Legislature Sends Cooper Bills Designed To Address Learning Losses | Eastern North Carolina Now

Two bills sitting on Gov. Roy Cooper’s desk are designed to remediate learning losses for K-12 students left behind by classroom closures caused by the COVID-19 pandemic.

Publisher's Note: This post appears here courtesy of the Carolina Journal. The author of this post is David N. Bass.

Tim Moore, speaker of the House. | Photo: Maya Reagan / Carolina Journal

    Two bills sitting on Gov. Roy Cooper's desk are designed to remediate learning losses for K-12 students left behind by classroom closures caused by the COVID-19 pandemic.

    The first — House Bill 82, Summer Learning Choice for N.C. Families — would require all public school districts to offer a minimum of six weeks of in-person summer school this year.

    For K-8 students, the curriculum includes reading, math, science, and at least one enrichment activity — such as sports, music, or the arts. For high school students, the focus is on end-of-course subjects and one elective course. The bill gives precedence to at-risk students.

    In addition to addressing academic losses, H.B. 82 prioritizes socialization by prompting school districts to offer "a fun, positive environment with enrichment activities to counteract the negative impacts from COVID-19 on student social interactions and development."

    H.B. 82 passed the House and Senate unanimously and was presented to Cooper, a Democrat, on April 1.

    "Parents are ready to see their children going back to school and to recover from the learning loss that has occurred during the pandemic," said House Speaker Tim Moore, R-Cleveland, a primary sponsor on the bill. "After bipartisan work from the House and Senate and input from educators around the state, this legislation will give North Carolina families an option for their children to grow and learn during this summer."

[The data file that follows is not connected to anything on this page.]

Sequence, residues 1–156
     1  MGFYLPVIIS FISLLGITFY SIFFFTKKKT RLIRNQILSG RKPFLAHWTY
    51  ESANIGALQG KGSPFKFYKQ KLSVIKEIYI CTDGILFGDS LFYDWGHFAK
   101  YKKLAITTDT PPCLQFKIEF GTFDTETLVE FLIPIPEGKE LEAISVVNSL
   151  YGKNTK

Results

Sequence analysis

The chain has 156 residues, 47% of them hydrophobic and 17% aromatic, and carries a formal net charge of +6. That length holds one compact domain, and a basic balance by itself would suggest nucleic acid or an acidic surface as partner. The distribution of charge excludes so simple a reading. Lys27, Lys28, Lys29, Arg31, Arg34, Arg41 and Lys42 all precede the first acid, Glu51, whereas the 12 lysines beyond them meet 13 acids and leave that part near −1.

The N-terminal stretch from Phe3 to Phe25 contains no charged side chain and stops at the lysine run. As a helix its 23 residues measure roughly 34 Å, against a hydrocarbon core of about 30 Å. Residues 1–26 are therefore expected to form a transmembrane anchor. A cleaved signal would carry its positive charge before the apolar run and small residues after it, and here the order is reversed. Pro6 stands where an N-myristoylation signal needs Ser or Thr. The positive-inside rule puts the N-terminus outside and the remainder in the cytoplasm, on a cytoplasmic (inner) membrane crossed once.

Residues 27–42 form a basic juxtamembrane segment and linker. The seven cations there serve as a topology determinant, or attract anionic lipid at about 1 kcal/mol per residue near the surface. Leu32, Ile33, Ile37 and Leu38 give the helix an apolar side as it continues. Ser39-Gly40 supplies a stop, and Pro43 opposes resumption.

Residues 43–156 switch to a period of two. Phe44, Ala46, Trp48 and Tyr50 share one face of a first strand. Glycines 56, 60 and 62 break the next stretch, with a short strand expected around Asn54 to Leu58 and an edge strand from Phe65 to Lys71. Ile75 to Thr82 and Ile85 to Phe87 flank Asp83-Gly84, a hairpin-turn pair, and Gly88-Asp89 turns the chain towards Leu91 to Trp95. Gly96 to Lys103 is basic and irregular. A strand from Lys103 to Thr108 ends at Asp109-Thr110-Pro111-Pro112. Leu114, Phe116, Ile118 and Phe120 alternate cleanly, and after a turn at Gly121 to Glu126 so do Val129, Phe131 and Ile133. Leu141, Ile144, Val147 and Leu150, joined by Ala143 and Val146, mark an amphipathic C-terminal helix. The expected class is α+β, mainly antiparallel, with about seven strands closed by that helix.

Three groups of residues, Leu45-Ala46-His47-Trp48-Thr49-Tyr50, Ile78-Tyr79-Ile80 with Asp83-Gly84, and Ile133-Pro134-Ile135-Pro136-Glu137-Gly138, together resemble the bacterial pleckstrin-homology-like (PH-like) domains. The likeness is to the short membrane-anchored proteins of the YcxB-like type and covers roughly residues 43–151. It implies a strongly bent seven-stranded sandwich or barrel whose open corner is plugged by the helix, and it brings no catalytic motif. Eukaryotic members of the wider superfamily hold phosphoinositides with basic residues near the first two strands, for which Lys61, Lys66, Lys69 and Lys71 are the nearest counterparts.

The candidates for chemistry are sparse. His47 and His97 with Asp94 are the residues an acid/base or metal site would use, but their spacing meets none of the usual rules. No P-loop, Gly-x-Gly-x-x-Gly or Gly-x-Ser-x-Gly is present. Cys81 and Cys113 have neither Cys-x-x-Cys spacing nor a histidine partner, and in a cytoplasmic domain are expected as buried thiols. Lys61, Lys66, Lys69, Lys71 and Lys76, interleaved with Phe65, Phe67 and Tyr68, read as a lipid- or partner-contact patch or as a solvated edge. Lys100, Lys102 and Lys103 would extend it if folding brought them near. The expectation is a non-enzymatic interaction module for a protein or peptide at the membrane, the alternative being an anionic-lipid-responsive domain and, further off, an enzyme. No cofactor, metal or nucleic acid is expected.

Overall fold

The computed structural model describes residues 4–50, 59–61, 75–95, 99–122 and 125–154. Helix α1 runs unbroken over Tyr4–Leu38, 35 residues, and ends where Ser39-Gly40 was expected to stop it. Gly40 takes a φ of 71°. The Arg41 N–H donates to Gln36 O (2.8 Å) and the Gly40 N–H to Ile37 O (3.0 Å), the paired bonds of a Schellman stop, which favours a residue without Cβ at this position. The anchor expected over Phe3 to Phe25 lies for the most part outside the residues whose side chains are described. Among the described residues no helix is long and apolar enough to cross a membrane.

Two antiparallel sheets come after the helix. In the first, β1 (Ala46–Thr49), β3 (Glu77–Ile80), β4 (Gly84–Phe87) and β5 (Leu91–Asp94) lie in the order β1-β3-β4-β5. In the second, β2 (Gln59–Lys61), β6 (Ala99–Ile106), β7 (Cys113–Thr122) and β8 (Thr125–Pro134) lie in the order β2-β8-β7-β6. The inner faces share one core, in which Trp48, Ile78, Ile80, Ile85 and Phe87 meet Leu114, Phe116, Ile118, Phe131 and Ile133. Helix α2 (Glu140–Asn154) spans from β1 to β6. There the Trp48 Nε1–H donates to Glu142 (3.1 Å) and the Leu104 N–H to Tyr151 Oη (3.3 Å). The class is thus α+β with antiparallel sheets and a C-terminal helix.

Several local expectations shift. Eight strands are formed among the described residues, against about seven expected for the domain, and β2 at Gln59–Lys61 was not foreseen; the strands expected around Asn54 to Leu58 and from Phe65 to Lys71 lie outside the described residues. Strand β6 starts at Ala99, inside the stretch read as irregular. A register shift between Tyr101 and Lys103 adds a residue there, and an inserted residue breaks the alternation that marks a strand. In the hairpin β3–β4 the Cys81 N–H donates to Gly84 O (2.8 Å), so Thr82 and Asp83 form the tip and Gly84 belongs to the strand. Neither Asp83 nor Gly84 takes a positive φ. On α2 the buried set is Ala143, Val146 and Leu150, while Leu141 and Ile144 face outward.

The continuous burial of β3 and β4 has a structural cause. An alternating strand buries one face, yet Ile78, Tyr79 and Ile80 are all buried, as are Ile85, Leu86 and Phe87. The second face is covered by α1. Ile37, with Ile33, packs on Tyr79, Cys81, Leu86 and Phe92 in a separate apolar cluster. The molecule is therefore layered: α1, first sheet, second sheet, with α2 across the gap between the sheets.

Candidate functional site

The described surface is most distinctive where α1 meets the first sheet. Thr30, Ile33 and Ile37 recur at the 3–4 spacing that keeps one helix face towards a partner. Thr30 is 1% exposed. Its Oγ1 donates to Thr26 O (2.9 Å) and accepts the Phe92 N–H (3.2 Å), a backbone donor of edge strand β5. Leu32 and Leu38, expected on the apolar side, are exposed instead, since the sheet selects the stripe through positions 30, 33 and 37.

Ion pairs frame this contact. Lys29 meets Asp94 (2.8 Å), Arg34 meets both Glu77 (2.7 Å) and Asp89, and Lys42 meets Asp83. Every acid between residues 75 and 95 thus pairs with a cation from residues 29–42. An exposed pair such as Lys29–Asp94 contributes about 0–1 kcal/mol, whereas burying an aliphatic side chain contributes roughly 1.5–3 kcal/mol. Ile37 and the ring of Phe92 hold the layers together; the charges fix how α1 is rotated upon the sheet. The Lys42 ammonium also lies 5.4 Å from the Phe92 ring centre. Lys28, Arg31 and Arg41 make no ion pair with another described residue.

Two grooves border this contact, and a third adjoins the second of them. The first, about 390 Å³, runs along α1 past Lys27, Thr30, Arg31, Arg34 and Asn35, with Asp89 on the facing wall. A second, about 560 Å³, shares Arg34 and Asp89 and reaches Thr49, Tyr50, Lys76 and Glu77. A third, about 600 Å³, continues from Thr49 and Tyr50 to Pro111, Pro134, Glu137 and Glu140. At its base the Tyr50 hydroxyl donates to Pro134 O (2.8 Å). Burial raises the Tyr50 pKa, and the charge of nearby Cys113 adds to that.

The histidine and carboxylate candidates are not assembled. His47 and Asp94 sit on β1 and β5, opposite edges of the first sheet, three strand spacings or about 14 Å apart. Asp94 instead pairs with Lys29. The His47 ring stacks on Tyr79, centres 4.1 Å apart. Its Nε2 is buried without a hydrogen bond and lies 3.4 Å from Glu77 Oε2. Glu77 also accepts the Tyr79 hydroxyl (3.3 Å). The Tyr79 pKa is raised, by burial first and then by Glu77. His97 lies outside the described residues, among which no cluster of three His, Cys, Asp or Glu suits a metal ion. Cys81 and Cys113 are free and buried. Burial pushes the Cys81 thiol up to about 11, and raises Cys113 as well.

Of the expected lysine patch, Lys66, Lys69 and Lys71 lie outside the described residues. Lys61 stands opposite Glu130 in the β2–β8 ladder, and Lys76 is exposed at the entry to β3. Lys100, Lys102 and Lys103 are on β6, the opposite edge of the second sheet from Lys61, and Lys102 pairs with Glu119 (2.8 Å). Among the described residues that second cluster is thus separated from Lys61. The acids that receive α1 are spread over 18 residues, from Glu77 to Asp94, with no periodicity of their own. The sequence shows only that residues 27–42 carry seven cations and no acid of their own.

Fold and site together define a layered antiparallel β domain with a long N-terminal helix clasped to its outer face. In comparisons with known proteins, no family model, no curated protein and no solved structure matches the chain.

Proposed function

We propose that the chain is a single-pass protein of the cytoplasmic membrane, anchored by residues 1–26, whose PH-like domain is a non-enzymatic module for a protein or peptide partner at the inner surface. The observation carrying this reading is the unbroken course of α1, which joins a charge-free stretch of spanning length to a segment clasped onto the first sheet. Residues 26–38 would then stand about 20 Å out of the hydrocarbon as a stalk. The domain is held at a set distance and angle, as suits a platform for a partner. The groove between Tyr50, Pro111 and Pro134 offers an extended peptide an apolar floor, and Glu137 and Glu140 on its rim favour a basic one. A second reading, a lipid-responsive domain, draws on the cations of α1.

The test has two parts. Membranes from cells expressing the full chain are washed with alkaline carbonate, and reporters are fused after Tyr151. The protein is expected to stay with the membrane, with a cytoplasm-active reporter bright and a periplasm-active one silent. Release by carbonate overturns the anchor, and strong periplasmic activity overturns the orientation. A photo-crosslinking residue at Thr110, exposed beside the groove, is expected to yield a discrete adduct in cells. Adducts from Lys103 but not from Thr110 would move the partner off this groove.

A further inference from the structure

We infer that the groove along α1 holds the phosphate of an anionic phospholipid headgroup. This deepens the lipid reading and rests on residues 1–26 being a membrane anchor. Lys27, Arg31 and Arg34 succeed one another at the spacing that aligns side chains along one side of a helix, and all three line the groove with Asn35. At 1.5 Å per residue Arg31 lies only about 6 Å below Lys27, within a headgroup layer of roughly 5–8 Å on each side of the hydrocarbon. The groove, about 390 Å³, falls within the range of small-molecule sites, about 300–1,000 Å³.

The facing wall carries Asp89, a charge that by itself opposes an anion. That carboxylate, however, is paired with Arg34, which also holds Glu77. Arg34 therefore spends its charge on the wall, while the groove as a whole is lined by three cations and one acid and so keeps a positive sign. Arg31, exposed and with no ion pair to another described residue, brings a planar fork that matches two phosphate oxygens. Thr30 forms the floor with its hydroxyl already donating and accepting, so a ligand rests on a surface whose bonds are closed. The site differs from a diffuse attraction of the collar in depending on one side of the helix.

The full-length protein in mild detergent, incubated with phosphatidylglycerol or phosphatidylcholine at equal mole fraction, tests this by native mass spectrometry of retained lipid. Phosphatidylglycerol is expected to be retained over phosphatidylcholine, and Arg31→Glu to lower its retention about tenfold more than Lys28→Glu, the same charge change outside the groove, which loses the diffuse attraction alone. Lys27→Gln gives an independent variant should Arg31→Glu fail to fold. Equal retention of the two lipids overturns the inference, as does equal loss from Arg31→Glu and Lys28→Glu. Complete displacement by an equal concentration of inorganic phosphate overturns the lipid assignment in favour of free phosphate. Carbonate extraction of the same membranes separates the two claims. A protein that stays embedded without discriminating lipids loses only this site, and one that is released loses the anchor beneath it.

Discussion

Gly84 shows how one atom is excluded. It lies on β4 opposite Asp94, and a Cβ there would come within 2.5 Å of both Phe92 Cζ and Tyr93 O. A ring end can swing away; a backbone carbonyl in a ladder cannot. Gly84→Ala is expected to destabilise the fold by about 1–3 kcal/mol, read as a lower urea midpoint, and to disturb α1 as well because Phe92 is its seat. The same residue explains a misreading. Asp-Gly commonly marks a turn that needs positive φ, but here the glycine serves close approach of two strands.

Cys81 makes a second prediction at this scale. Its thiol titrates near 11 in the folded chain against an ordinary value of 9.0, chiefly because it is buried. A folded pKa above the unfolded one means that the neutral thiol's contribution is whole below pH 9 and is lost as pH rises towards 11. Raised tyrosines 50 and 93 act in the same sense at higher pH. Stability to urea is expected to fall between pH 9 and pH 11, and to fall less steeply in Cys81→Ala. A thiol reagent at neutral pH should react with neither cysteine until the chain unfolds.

The need for summer remediation was made event by recent data from the N.C. Department of Public Instruction showing that a majority of students failed end-of-course tests in fall 2020.

    The second measure — Senate Bill 387, Excellent Public Schools Act of 2021 — would make key updates to the 2013 "Read to Achieve" law, built around ensuring students are reading proficiently by third grade. The bill would switch literacy instruction from a "look and say" method to the phonetic method.

    S.B. 387 covers in-classroom instruction, reading camps, data collection, and other student interventions. For struggling students, teachers will create plans specific to each child's needs and inform parents of individual reading plans. The bill would also create an online initiative for parents to help their kids, based on the Read Charlotte approach.

    In 2019, a similar measure passed unanimously in the N.C. Senate and with bipartisan support in the N.C. House before falling prey to the governor's veto pen. In his veto message, Cooper called the legislation "a Band-Aid" approach.

    The new iteration of the literacy bill unanimously passed both chambers — except for five Democratic "no" votes in the House — and landed on Cooper's desk April 1.

    "Early literacy is a major determining factor of a child's future success, so we have to get this right," said Senate Leader Phil Berger, R-Rockingham, primary sponsor of the bill. "After extensive learning loss for hundreds of thousands of children during the last year of school closures, it is critical we put our politics aside so we can finally enact improvements to early childhood literacy."

    Dr. Terry Stoops, director of the Center for Effective Education at the John Locke Foundation, praised both the literacy bill and summer remediation measure as important first steps.

    "But much more will need to be done to address student learning loss, particularly among disadvantaged and special-needs children," Stoops said. "That is one compelling reason why lawmakers should establish a large-scale education savings account program that allows parents to direct state dollars to qualified academic tutors of their choice.

    "Lawmakers need to get this right," he added. "Our competitiveness as a state is dependent on the skills and knowledge of our workforce. If our public schools cannot help students recover what failed to learn during the pandemic, then the economic distress will be unrelenting."
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